Conservation Organization Project
“Good golden-winged warbler habitat has clumps of native shrubs near mature forest,” notes Mark LaBarr of Audubon Vermont. At Buckner Preserve, Audubon Vermont works with The Nature Conservancy, which owns the preserve, to create and improve habitat for warblers and other wildlife.
Buckner Preserve takes in 3,791 acres in Vermont and adjacent New York. Murray McHugh, The Nature Conservancy’s Critical Lands Manager for southern Vermont, calls it “the Conservancy’s most biologically diverse natural area in the state.”
A Warbler in Trouble
The golden-winged warbler population has fallen in recent years. A major reason is an ongoing decline in the amount of young forest and shrubland. Such habitat vanishes when trees naturally succeed shrubs, and when young forest becomes older forest, shading out lower growth.
Golden-winged warblers require shrubland to breed. After young leave the nest, they shift to feeding in mature forest (the reverse of what many other songbirds do).
Buckner Preserve supports the highest concentration and largest remaining population of golden-wings in Vermont, as well as closely related blue-winged warblers. Other young forest birds at Buckner include whip-poor-wills, American woodcock, indigo buntings, brown thrashers, field sparrows, and prairie warblers.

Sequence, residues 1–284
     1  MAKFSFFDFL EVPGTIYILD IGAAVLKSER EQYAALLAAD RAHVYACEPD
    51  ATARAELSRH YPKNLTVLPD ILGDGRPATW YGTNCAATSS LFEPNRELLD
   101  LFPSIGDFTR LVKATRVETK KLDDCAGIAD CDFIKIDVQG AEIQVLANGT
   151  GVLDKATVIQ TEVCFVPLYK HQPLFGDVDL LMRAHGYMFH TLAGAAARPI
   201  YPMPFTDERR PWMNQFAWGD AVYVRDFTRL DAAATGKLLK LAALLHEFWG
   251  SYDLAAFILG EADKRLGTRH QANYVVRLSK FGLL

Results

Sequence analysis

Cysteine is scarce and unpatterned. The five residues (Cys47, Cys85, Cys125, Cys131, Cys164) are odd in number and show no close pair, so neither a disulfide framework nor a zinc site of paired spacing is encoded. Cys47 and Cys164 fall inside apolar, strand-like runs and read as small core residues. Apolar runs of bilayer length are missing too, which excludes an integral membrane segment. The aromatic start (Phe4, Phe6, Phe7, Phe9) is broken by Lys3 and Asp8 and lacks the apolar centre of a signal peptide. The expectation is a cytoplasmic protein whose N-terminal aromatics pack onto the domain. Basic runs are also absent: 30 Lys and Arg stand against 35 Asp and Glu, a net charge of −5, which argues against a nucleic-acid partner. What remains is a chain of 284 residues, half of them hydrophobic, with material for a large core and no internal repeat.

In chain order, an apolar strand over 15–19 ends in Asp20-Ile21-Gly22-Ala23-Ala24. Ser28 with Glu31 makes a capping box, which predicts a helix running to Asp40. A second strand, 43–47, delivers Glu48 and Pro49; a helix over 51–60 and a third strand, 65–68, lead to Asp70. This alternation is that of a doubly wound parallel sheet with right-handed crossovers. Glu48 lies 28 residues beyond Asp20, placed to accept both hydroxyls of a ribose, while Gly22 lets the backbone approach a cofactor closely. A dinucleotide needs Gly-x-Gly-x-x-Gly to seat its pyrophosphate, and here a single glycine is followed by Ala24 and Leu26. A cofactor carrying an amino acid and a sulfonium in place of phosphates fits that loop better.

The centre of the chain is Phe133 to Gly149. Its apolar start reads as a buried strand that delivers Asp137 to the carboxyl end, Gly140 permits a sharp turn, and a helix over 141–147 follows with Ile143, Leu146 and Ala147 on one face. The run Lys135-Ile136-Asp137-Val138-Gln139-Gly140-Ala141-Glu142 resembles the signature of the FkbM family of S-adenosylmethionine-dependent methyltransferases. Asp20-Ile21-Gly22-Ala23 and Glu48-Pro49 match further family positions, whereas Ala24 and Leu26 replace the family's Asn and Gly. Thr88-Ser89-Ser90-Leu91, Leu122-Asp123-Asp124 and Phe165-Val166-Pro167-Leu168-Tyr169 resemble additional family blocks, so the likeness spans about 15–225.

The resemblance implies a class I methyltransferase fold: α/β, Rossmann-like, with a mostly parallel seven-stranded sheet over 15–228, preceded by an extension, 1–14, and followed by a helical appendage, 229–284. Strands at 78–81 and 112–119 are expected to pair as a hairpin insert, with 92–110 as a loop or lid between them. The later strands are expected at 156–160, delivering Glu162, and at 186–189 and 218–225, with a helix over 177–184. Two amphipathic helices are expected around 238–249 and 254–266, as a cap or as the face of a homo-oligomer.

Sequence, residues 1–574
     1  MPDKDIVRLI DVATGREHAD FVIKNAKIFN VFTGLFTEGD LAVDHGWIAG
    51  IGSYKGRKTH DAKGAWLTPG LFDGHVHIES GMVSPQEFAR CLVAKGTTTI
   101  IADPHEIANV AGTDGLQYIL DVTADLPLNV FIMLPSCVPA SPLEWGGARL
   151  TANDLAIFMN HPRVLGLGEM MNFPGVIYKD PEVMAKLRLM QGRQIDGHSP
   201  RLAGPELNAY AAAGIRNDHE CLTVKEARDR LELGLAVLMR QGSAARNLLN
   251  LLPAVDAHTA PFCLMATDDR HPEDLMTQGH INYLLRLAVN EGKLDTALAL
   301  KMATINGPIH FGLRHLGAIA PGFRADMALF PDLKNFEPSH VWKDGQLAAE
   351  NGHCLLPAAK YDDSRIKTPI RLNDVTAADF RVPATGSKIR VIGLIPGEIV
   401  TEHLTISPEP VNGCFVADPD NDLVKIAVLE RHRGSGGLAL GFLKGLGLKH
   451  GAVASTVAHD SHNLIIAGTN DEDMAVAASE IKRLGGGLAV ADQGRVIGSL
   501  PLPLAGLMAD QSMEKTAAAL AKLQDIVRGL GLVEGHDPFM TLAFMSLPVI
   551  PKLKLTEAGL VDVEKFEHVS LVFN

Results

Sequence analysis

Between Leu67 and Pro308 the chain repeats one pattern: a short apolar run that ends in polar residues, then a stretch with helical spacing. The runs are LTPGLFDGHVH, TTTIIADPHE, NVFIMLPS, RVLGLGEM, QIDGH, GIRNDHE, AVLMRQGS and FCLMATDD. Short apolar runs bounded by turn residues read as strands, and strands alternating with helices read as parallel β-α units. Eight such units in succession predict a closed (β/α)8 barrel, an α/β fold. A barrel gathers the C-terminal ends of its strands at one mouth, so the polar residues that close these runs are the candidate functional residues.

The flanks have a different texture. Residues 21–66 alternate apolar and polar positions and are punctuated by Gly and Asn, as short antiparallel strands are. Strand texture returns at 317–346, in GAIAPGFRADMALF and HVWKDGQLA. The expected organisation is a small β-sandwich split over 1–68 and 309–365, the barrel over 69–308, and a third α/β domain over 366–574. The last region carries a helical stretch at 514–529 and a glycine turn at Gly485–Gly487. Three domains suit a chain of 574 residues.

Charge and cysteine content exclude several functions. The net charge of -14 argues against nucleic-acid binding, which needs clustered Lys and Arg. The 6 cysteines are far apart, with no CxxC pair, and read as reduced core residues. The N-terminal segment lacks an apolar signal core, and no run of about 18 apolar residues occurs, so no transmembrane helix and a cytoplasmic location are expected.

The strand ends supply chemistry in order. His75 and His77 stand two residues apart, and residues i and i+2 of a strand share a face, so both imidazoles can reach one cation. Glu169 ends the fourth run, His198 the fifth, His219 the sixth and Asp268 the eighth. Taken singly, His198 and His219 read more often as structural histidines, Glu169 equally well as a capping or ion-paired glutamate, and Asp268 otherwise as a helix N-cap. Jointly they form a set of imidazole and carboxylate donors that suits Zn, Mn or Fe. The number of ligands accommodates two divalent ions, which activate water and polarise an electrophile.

On 16 management units totaling 185 acres, large machines, chainsawing, and brush-hogging keep thickets of native shrubs at an optimum density and remove invasive shrubs. Another 80 acres of old hayfields are being transitioned into healthy shrubland. Says LaBarr: “Our goal is to encourage a native shrub community and to create patchiness in the shrubs’ overall growth pattern.” Shrubland exists near the mature forest stands to which golden-wings resort following nesting.
Research is Part of the Program
In tandem with habitat improvements, biologists monitor golden-winged warblers at Buckner. They capture adult birds, record data on their weight and health, and attach tiny geolocator units that track the birds as they fly south to Central and South America in autumn, documenting migration routes and important habitats the birds use en route to their wintering grounds.
Researchers with Vermont Fish and Wildlife Department and the University of Maine capture American woodcock on Buckner and outfit them with radio trackers as part of a large study of woodcock migration in eastern North America. The Vermont Center for Ecosystem Studies is examining how whip-poor-wills use shrubland at Buckner.
How to Visit
Shrubland managed for golden-winged warblers and other wildlife can be visited via Tim’s Trail off Galick Road. See this trail map.